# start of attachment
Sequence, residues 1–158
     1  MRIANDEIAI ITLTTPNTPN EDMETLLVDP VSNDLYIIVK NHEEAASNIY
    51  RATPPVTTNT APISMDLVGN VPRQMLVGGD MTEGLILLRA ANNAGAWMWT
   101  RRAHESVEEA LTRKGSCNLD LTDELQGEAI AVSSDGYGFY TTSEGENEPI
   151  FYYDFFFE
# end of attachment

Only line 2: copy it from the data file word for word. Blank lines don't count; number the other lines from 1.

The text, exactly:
     1  MRIANDEIAI ITLTTPNTPN EDMETLLVDP VSNDLYIIVK NHEEAASNIY